Tuesday 29 November 2011

Explaining Neo-Orthodoxy and Its Non-Realism

I am asked by Peter Carrell in a comment (older post comments need my approval - it stops personalities attacking one another beyond my notice)

I would be interested in hearing more from you on this [Neo-Orthodoxy]. Why does it lead to non-realism? Why would trinitarians of old dismiss it as heterodox? Would you care to name who are the neo-orthodox in the Anglican theological world today?

It leads to non-realism because of a dismissal of culture and worldy reality as sources of objective truth. All neo-othodoxies, whether Catholic or Protestant, are Platonist - idealism is based in the pure in the heavens. Karl Barth has nature corrupted to an absolute degree, as a loyal Roman Catholic states:

...if we believe this new gospel of his [Barth], God would be reputed as having said that, ever since the sin, nature is so corrupted that nothing of it remains but its very coruption, a mass of perdition which grace can indeed still pardon, but which nothing henceforth could ever heal. Thus, then, in order the better to fight against paganism and Pelagianism, this doctrine invites us to despair of nature, to renounce all effort to save reason and rechristianize it.

Gilson, Etienne, 'The Intelligence in the Service of Christ' from his book Christanity and Philosophy (1936) in Pelikan, Jaroslav (1990), The World Treasury of Modern Religious Thought, London: Little Brown and Company, 218-233.

The relationship of Christianity and reason, then, is best grounded in the Aristotle approach given its marriage into Christianity by Thomas Aquinas, for here reality is grounded in our world and being, and that is a reality which needs healing (says Christianity).

Of course there are degrees of extraction, but I am referring to neo-Orthodoxy which is double specific line. The God of Barth is entirely one way, from God downwards, and so is invisible and unreachable. That God exists in a dramatic encounter, and that becomes a textual inheritance. So it is text, but text devoid of cultural root. Now we might say that the cultural root is obvious - it is Hebrew and Greek - but these are no more than wrapping paper for the text as the drama. If you happen to be a chosen believer, the encounter almost goes through the culture and indeed through the text. But the point is how to understand if from where we are. It becomes then a drama in itself, a narrative, and a story.

It is no accident that this stuff, with help from Bonhoeffer, becomes part of secular theology, that is theology of a humanity come of age when it no longer asks religious questions. This busy person just gets on with life. To ask questions, Tillich style, is to wallow in cultural issues, including cultural issues of religion. But where there are cultural issues, or a Church likely to be corrupt itself, these are entirely transient. Indeed many in their religions are entirely mistaken.

So from a cultural perspective, the religion of Christianity is non-real. It starts with revelation and encounter, but it translates as being unreal. It is not rooted in anything, other than the invisible.

The Catholic side of neo-Orthodoxy self proclaims its Platonism (so what if Plato is also cultural!) and it produces its premodern Christianity inside the postmodern space identified. Far from the Church being corrupt, John Milbank's Anglo-Catholic Church is pure truth. It is the deposit of peace and reason; its reason triumphs over secular reason. Secular reason is untrue, because it is a false theology. Therefore the world is false, and indeed has broken down into postmodernism. In that bubble of space, this non-realist Platonic source of truth, the Church (under God and Christ) is a non-objective anywhere else existence. In the Protestant version there is Lindbeck's ecumenical Church, and people in it simple have 'standards of role performance' rather than any other truth claim. Like with the biblical version, you can only perform.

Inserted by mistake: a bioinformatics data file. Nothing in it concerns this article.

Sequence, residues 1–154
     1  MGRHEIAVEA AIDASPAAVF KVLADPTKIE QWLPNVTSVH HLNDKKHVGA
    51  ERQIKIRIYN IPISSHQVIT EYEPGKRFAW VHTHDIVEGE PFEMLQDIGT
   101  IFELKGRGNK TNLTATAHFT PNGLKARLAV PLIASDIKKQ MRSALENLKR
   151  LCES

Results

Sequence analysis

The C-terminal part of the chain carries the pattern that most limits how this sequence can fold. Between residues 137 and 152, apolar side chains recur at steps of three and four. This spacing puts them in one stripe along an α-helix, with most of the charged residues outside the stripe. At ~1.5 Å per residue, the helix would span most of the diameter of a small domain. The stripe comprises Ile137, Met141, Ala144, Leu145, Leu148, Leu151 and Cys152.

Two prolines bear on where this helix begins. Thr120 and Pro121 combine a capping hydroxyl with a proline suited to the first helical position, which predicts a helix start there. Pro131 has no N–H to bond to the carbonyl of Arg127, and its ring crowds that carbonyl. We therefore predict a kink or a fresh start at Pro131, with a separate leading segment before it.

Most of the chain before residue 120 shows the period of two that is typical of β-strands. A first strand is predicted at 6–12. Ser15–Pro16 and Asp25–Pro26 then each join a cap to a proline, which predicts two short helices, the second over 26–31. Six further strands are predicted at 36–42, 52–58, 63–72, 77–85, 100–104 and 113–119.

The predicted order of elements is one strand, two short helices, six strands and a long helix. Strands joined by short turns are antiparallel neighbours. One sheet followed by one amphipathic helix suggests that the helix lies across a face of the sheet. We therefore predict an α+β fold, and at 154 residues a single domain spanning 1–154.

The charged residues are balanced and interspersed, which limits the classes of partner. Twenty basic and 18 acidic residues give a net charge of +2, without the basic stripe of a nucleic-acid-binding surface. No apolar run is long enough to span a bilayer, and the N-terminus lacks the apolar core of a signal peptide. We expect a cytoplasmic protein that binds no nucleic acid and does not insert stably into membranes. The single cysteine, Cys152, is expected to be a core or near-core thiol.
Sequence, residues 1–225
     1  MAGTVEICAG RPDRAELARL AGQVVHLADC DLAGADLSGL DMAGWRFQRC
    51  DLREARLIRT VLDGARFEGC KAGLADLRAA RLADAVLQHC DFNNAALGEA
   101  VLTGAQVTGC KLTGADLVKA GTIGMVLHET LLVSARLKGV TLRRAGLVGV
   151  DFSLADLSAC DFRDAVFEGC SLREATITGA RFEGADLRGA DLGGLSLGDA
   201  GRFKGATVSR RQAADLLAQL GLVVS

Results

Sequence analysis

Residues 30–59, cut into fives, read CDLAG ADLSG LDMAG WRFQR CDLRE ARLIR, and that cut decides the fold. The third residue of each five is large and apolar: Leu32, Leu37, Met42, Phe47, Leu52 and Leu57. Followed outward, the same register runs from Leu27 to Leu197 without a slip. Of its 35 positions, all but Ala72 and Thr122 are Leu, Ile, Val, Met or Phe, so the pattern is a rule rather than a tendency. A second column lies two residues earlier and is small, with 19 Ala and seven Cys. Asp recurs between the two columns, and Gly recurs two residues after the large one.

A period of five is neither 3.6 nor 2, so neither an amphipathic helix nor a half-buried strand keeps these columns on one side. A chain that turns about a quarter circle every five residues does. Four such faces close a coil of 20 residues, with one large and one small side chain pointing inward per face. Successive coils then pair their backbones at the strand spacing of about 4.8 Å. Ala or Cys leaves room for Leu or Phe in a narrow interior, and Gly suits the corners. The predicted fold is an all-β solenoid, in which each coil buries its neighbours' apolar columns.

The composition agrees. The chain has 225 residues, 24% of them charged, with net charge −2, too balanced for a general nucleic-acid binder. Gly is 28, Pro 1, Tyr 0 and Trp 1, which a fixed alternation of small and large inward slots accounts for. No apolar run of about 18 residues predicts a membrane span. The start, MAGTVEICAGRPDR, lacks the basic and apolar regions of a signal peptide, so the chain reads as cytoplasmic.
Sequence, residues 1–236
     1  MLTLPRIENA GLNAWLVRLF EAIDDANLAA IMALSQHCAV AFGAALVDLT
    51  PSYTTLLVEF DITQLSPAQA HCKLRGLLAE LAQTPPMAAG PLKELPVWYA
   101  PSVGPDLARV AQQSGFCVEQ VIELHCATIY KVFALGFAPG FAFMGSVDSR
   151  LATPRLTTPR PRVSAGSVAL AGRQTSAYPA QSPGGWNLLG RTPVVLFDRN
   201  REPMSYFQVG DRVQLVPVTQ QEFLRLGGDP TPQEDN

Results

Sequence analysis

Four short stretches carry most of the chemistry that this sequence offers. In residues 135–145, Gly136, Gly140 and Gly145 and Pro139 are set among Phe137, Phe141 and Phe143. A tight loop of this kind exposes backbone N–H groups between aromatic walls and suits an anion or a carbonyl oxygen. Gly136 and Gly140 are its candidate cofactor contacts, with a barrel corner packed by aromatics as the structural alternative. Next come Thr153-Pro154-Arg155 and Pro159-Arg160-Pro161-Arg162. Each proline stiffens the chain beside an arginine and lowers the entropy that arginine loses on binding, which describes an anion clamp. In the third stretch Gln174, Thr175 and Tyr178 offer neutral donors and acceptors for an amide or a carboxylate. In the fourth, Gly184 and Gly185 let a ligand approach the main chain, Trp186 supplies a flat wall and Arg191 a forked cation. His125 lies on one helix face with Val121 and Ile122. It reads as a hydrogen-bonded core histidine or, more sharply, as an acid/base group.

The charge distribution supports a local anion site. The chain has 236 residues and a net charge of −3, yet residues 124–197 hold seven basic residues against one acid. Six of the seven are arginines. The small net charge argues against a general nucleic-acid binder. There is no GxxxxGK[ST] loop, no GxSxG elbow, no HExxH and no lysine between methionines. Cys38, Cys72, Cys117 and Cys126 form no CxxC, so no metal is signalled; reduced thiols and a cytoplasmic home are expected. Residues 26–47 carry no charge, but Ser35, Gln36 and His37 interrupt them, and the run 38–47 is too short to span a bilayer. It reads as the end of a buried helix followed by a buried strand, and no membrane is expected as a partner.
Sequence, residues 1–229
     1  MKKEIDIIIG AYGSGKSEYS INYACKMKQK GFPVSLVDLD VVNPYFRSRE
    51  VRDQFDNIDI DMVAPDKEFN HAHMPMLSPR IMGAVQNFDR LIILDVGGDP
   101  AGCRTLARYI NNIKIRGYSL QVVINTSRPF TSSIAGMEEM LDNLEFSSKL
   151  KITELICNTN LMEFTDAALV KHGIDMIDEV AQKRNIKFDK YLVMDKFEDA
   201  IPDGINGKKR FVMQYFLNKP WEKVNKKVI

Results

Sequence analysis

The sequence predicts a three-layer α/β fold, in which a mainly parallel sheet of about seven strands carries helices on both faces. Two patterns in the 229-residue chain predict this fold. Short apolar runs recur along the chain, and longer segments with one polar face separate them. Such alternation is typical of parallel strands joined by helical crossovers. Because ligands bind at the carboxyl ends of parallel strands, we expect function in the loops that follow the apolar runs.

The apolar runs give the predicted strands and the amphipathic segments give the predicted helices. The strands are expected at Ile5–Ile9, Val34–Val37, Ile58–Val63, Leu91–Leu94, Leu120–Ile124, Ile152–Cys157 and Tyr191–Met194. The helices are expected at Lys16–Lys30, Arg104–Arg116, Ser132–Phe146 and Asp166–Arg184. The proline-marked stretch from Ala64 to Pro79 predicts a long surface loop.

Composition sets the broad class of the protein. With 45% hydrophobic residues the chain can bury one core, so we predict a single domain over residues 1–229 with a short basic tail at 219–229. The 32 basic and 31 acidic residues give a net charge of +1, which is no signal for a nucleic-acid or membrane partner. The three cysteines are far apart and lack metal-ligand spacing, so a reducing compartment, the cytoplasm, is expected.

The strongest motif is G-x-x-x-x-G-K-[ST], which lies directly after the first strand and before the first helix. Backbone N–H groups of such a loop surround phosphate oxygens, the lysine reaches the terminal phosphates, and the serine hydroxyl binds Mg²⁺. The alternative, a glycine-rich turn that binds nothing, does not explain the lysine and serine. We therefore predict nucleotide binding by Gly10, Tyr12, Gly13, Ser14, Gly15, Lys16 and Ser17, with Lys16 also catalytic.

So there is a sharing of non-realism with Cupitt, but from an entirely different angle, as Cupitt retains connection with the world's dominant narratives rather than the failure of the Church and Bible to connect with a larger modernity (and most of postmodernity) and therefore its sectarianism.

It is heterodox because the older folks, including the liberals, retained a connection in reality with this world. It either was full on Aquinas, or, in the liberal sense, the limitations introduced by science and social science - in other words, research.

The Unitarians of old used all the language: Christ (our brother, our leader), the Holy Spirit (the energy of God - as said Rev. in episode 2) and God the Father, the creator. The Incarnation became general and complete rather than tradition-and-person specific. Of course they were labelled as heterodox, because it isn't enough to have modes of activity or a plurality of actions, or the often heard today of the social and collective nature of the Godhead getting on nicely with each other. The Trinity is about philosophical precision of the relationship of the Godhead, and one that is both in the heavens and redeeming the earth in a dynamic eternal relationship. These days, unable to explain it, people shortcut it. Neither Milbank nor Lindbeck nor Frei nor Barth are redeeming the earth.

So I know about Milbank and a few of his fans (including some Lutheran). As for the biblical bunch, well there's my mate Anglican curate Rachel. She likes nothing better than a good trip to some New Wine church or some independent gathering for an arms-out knees-up. She is, she says, a poststructuralist. She says that many tutors in her just left theological college are fans of Frei and Neo-orthodoxy. Perhaps they live isolated lives.